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Flavors of Addiction

Study Finds Sweet E-cigarettes May Be Gateway to Tobacco Addiction for Young Adults

By Kelly Blake


Photo by iStock

Photo by iStock

As the Food and Drug Administration announced a crackdown on e-cigarettes, describing their use among teens as reaching “an epidemic proportion,” a new study from the UMD School of Public Health found which groups are most likely to use flavored e-cigarettes: adults ages 18–24, women and those who have never smoked.

Of the 8 percent of American young adults who said they used e-cigarettes in the preceding month, about 69 percent chose flavors such as fruit and candy rather than traditional tobacco and menthol flavors, according to the study published in the October issue of the journal Drug and Alcohol Dependence.

Young women with a high school diploma or GED and higher were more likely to choose fruit and candy flavors. People who had used marijuana but hadn’t smoked cigarettes were also more likely to choose sweet e-cigarette flavors.

“We know that when trying out e-cigarettes, youth start off with flavors,” said Dina Borzekowski, a research professor of behavioral and community health and a co-author of the study. “Public health interventionists need to know more about those using flavors to better affect policies around e-cig marketing and distribution."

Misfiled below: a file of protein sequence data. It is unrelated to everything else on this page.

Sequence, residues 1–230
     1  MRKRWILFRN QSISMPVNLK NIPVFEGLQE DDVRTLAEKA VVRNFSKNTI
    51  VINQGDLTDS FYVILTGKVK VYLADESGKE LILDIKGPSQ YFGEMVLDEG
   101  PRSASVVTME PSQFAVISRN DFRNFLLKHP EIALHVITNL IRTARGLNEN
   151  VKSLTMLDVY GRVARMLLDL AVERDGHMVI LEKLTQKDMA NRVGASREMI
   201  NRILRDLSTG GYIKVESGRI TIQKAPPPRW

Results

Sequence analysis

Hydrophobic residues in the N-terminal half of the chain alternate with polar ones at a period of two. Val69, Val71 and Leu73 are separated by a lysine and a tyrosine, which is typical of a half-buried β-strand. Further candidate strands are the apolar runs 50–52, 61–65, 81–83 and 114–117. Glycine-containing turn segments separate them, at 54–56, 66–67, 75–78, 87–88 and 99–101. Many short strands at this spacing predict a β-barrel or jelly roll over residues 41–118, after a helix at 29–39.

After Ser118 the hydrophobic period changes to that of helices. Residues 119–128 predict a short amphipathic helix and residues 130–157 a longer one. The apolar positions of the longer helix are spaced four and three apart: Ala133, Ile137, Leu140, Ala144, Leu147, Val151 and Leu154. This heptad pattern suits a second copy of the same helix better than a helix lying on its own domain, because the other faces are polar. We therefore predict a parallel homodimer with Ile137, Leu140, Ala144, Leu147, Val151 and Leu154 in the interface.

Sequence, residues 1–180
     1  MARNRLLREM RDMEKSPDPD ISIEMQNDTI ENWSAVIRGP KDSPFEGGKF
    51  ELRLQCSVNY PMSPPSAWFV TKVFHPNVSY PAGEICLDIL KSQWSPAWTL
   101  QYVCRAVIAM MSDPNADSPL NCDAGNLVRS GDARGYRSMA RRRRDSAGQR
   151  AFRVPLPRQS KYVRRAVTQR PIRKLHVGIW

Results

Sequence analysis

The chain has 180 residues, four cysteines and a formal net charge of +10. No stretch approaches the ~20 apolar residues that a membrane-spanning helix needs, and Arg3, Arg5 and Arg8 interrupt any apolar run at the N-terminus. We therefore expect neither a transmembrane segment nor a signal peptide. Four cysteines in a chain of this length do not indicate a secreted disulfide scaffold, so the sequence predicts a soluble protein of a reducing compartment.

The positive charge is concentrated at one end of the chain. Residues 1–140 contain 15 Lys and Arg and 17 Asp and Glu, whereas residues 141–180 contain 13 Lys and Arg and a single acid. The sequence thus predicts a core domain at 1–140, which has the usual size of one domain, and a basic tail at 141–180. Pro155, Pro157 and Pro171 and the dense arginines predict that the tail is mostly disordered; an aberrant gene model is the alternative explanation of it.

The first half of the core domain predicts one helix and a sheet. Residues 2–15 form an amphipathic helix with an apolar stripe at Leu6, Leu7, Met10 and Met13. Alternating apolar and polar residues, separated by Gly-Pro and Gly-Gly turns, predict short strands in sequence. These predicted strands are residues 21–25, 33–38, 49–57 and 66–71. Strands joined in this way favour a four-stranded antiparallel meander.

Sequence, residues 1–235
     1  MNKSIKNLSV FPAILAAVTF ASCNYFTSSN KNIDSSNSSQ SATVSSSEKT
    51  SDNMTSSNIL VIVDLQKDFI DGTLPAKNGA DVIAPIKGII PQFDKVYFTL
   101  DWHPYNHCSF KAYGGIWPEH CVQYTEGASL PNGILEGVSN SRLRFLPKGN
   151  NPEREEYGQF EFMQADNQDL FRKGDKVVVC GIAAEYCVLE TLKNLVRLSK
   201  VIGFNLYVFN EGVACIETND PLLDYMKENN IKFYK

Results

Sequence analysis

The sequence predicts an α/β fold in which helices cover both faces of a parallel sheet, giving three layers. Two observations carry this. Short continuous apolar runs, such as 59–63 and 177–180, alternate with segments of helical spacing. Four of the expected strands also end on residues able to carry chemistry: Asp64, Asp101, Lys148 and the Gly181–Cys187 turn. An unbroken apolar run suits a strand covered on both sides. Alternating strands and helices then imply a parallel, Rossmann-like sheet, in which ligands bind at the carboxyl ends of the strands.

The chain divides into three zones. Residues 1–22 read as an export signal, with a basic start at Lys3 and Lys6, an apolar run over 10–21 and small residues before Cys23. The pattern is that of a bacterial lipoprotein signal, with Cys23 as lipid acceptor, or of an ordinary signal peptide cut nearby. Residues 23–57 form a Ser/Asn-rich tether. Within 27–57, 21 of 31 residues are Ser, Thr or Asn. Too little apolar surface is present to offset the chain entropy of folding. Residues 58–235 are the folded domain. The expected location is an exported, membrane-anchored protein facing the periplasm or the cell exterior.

The FDA on Wednesday announced what it called the “single-largest enforcement action in agency history,” targeting sellers and buyers. It includes ordering manufacturers to produce plans within 60 days to prevent youths from buying their products, as well as investigating their marketing and sales practices. The agency is also warning 1,100 stores and online retailers to stop selling e-cigarettes to minors.

Flavors play an important role in attracting teen users, and flavored e-cigarettes have been found to increase nicotine addiction and act as a gateway to other tobacco products. “At the same time that fruit- and candy-flavored e-cigarettes are rising in popularity, there is an unclear media portrayal of the negative health consequences of vaping,” lead researcher Julia Chen Ph.D. ’18 said.

The researchers called for more regulations and restrictions on the tobacco industry’s marketing tactics for selling and promoting flavored e-cigarettes, as well as initiatives to prevent and reduce flavored e-cigarette use.

“With the knowledge from this study, we can target the most high-risk groups with public health programs and mass media campaigns showing the harmful effects of flavored e-cigarettes and flavored tobacco products,” said Chen. “We can also provide cessation aids to those who develop a nicotine dependence.”



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School of Public Health

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